Here’s a long-awaited and oft requested tone–the sound of a Homestead Train Whistle.
Recorded at the Homestead Pennsylvania Railroad Station, built circa 1890 (or 1906–depending upon which source is referred to), on Amity Street, the building now houses the offices for the Allegheny County District Attorney. It sits between two sets of railroad tracks, and there are benches, for the office workers and/or occasional train spotters. Though I waited no longer than half an hour before the railroad crossing bells would ring out, I had no way to determine from which direction the next train would come. It took me two hours to get a good recording. I had a lot of solitary fun figuring out the final approach that allowed me to capture audio track above. In the end, I think I make a pretty good Foley artist.
This ringtone is dedicated to Susan Englert, a Pittsburgh-based architect and visual artist, and Dr. Gerry Santoro, an Assistant Professor of Information Sciences and Technology at Penn State University. They both requested the sound of a train whistle as a ringtone during earlier phases of the project. I quote their illustrative requests below, because at the heart of this project is a sense of curiosity about the sounds that are meaningful to people of this region. What does Pittsburgh (or another region) sound like? Which of these sounds should be turned into ringtones and shared with the public free of charge?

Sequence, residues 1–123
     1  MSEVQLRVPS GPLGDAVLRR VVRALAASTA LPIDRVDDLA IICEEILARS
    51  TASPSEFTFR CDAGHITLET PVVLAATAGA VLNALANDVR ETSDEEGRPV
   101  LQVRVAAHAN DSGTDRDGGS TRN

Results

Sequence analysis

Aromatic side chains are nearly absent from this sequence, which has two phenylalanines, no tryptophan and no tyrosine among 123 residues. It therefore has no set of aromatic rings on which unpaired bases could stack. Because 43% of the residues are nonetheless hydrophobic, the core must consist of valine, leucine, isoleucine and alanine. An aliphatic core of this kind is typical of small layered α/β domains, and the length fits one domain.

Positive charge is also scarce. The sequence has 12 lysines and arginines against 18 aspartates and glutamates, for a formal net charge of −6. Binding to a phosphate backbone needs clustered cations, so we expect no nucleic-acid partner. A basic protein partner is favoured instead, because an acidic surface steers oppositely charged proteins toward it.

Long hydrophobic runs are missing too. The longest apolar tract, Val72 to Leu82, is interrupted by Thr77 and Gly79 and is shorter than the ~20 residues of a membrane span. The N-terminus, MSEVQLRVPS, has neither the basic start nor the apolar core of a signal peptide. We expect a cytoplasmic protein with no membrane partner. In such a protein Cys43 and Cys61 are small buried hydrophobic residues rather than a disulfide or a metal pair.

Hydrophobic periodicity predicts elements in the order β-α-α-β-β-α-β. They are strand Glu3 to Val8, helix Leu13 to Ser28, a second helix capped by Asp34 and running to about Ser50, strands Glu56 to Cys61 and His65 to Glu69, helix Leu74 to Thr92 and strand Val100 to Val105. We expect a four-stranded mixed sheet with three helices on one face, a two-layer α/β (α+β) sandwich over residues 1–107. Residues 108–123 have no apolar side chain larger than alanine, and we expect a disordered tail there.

Excerpted email from Susan Englert, July 2009
TRAINS! trains trains trains trains TRAINS ==> Piiiiiiiittsburgh!!
I ride my bike home through the Strip every day and usually catch the early evening run.
What makes an otherwise generic tone Pittsburgh-specific is the reverb off the surrounding hillside. Right there, on Smallman St. at around 28th, it’s especially loud, clear, and echo-y. Gives me goose bumps every time. For me, trains are THE sound defining Pittsburgh. (OK, that and spitting…) In every neighborhood, you hear ‘em.
I’m sure someone’s suggested this, but just in case… Gotta have a train in the collection.
Excerpt from an email from Gerry Santoro, October 2010
I would love to have a train whistle as my ring tone. (I have Purple Haze right now – but the whistle would bring back so many memories.)
I grew up along Freeport Road on the Eastern end of Blawnox. My house (a brick duplex) was about 1000 feet from the Allegheny river, and we could see it from our front porch. Blawnox is on a bend in the river, and I would hear the train whistles from both sides as they approached road crossings. The echo of the whistle would carry down the river. On real quiet nights you could also hear a ‘clickety-clack’ as the trains ran over the old tracks. As a teen I would sometimes hang out along the river, within 20 feet of the trains. The doppler effect as the trains would pass by was VERY noticeable.
I really miss that sound. Now I live in the mountains with a state forest (Rothrock) in my back yard. The sound of the owls, cows, crickets and occasional coyotes are wonderful, but I miss the trains…
As you can see, the first request came in almost three years ago–better late than never?!
Dear Susan and Gerry, sincere thanks for your beautiful and nostalgic ringtone request!
This ringtone recording session was made possible by a generous grant from The Fine Foundation.